Supplementary Material for: 2021 European Thyroid Association Guidelines for the Management of Iodine-Based Contrast Media-Induced Thyroid Dysfunction
datasetposted on 16.06.2021, 06:32 by Bednarczuk T., Brix T.H., Schima W., Zettinig G., Kahaly G.J.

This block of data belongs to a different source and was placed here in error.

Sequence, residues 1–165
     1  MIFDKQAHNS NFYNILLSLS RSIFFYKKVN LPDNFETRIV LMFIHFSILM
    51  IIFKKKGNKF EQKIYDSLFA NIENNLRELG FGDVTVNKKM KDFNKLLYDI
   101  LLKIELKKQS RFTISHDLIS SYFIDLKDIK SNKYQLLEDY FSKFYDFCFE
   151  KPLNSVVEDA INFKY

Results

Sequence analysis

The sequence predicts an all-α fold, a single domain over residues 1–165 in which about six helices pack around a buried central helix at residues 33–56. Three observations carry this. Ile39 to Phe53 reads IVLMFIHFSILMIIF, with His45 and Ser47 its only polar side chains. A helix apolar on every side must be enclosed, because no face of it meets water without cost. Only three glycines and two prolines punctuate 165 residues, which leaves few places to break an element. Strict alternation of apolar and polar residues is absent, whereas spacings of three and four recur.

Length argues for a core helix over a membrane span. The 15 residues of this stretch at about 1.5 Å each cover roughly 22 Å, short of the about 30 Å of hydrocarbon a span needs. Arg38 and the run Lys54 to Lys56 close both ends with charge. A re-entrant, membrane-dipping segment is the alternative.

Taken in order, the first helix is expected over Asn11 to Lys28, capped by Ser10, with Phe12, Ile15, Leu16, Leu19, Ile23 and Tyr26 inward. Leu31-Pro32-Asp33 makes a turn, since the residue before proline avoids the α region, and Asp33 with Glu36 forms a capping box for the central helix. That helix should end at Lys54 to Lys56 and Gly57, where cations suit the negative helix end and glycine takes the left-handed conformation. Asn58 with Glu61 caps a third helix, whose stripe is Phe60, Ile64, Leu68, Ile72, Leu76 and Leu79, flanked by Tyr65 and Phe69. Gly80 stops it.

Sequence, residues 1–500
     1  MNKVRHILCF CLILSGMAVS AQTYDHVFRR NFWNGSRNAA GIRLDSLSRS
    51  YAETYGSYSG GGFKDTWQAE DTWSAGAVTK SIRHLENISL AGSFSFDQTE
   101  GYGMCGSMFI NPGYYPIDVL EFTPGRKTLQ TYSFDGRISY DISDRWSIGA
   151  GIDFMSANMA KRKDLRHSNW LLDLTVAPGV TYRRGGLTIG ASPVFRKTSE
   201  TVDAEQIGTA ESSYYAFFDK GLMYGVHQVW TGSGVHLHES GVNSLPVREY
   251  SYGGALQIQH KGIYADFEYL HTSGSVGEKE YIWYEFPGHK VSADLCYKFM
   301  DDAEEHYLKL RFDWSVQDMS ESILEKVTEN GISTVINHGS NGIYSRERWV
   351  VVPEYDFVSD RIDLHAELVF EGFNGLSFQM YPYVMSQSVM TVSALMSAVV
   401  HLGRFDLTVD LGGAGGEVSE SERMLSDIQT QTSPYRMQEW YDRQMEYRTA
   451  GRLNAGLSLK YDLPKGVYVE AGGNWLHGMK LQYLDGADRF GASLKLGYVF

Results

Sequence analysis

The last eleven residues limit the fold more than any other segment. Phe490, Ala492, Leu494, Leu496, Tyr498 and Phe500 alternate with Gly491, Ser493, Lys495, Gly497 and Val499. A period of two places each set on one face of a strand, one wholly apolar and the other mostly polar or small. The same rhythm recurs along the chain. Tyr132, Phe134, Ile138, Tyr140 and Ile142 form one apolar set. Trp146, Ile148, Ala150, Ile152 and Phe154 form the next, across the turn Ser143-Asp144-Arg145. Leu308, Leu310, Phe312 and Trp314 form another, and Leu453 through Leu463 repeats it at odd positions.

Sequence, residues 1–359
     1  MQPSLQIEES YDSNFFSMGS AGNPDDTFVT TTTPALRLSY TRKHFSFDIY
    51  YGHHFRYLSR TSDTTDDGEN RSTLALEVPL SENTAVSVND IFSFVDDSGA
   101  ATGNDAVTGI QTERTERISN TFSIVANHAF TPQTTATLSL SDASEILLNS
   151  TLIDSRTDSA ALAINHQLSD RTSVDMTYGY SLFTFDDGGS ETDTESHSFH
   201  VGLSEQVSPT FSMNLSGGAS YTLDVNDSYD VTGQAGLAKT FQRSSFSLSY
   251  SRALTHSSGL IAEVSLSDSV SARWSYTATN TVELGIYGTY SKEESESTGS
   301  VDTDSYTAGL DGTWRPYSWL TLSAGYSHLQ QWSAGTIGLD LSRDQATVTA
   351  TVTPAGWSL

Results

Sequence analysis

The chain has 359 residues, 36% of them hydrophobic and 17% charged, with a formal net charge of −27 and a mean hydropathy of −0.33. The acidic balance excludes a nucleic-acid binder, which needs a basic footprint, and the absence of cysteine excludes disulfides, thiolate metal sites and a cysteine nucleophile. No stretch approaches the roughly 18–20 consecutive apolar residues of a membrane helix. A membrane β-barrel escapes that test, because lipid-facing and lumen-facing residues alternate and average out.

Given the fact that a large number of radiological examinations using iodine-based contrast media (ICM) are performed in everyday practice, clinicians should be aware of potential ICM-induced thyroid dysfunction (TD). ICM can induce hyperthyroidism (Hyper) or hypothyroidism (Hypo) due to supraphysiological concentrations of iodine in the contrast solution. The prevalence of ICM-induced TD varies from 1 to 15%. ICM-induced Hyper is predominantly found in regions with iodine deficiency and in patients with underlying nodular goiter or latent Graves’ disease. Patients at risk for ICM-induced Hypo include those with autoimmune thyroiditis, living in areas with sufficient iodine supply. Most cases of ICM-induced TD are mild and transient. In the absence of prospective clinical trials on the management of ICM-induced TD, an individualized approach to prevention and treatment, based on patient’s age, clinical symptoms, pre-existing thyroid diseases, coexisting morbidities and iodine intake must be advised. Treatment of ICM-induced Hyper with antithyroid drugs (in selected cases in combination with sodium perchlorate) should be considered in patients with severe or prolonged hyperthyroid symptoms or in older patients with underlying heart disease. It is debated whether preventive therapy with methimazole and/or perchlorate prior to ICM administration is justified. In ICM-induced overt Hypo, temporary levothyroxine may be considered in younger patients with symptoms of Hypo, with an underlying autoimmune thyroiditis and in women planning pregnancy. Additional clinical trials with clinically relevant endpoints are warranted to further aid in clinical decision-making in patients with ICM-induced TD.